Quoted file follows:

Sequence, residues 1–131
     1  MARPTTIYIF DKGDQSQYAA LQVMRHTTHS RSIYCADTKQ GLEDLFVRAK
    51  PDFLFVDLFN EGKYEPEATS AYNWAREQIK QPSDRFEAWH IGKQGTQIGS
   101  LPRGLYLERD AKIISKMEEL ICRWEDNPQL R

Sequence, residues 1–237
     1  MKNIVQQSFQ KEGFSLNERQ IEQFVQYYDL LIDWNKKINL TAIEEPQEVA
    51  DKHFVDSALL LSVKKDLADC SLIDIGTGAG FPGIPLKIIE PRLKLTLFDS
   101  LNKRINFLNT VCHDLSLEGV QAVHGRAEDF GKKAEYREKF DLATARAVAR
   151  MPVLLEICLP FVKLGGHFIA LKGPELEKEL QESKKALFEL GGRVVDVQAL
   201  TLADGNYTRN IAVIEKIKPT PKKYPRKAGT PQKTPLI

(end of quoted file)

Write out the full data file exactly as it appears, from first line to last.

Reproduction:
Sequence, residues 1–131
     1  MARPTTIYIF DKGDQSQYAA LQVMRHTTHS RSIYCADTKQ GLEDLFVRAK
    51  PDFLFVDLFN EGKYEPEATS AYNWAREQIK QPSDRFEAWH IGKQGTQIGS
   101  LPRGLYLERD AKIISKMEEL ICRWEDNPQL R

Sequence, residues 1–237
     1  MKNIVQQSFQ KEGFSLNERQ IEQFVQYYDL LIDWNKKINL TAIEEPQEVA
    51  DKHFVDSALL LSVKKDLADC SLIDIGTGAG FPGIPLKIIE PRLKLTLFDS
   101  LNKRINFLNT VCHDLSLEGV QAVHGRAEDF GKKAEYREKF DLATARAVAR
   151  MPVLLEICLP FVKLGGHFIA LKGPELEKEL QESKKALFEL GGRVVDVQAL
   201  TLADGNYTRN IAVIEKIKPT PKKYPRKAGT PQKTPLI